Fed set to keep interest rates unchanged, weigh future hikes

The Federal Reserve is expected to hold interest rates in a range on 5.25%-5.50% at the conclusion of its meeting on Wednesday, though possibly keep the door open to further rate hikes in the coming months.

The Fed in July raised rates to a 22-year high as it continued the most aggressive rate-hiking campaign in four decades. Its updated economic forecasts released in September suggested one additional rate hike would be needed this year to bring inflation back to its 2% target.

The Fed will announce its monetary policy decision at 2:00 p.m. ET Wednesday followed by a press conference with Fed Chair Jerome Powell at 2:30 pm ET.

Powell signaled in a speech at the Economic Club of New York last month the central bank could hold rates steady at its November policy meeting. The Fed chair also warned, however, that inflation was still too high and more rate increases are still possible if the economy stays surprisingly hot.

“Given the uncertainties and risks, and how far we have come, the Committee is proceeding carefully,” Powell said.

Officials are now trying to determine whether they’ve raised rates enough that holding them at these levels for sometime would bring inflation back to target.

Federal Reserve Chair Jerome Powell speaks at a lunch hosted by the Economic Club of New York at the Hilton Hotel on October 19, 2023 in New York City. (Photo by Spencer Platt/Getty Images)

“While there isn’t an expectation for a rate increase at [this] week’s Fed meeting, the FOMC will acknowledge the underlying strength of the economy given a still-resilient labor market,” LPL Financial strategist Quincy Krosby said. “They may find it appropriate to suggest that financial conditions are still not tight enough to quell consumer spending.”

Last week, the first estimate of third quarter GDP showed growth clocked in at a whopping 4.9% annualized rate over the summer months, driven in large part by strong consumer spending, punctuated by a surge in retail sales in September.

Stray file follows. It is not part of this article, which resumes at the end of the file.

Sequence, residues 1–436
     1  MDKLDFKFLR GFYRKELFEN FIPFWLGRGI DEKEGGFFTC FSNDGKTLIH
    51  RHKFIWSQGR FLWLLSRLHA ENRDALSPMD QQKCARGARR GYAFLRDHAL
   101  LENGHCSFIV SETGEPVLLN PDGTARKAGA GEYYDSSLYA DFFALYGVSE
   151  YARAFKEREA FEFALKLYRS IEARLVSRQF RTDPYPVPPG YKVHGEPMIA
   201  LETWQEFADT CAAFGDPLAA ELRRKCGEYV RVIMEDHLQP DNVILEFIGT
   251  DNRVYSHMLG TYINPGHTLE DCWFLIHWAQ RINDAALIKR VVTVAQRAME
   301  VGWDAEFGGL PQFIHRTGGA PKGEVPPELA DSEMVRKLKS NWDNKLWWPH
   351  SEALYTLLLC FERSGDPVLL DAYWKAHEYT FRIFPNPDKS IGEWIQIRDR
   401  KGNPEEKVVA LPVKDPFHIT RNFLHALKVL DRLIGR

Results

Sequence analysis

But new spending data out for September showed consumers are spending more than they are earning.

Adjusted for inflation, consumers increased spending in each of the last three months while real disposable income fell over the same period, raising the question of how much longer spending could last at these levels.

With no new interest rate projections or economic forecasts released this meeting, all eyes will be on Powell and his comments on the outlook for monetary policy.

Powell, speaking on October 19, noted that the economy is a story of “much stronger demand” and that it “may just be that rates haven’t been high enough for long enough.”

The Fed’s preferred inflation gauge — “core” PCE — showed prices rose 0.3% over the prior month in September, the most in four months, while annual price increases slowed modestly to 3.7% from 3.8% in August.

The 3.7% is in line where officials expected inflation to end the year, offering the prospect inflation could be lower than officials thought by the end of this year.

Powell has also said that the central bank is closely watching a recent surge in long-term bond yields; other Fed officials have said recently that if long-term interest rates remain elevated there may be less need for the Fed to act.

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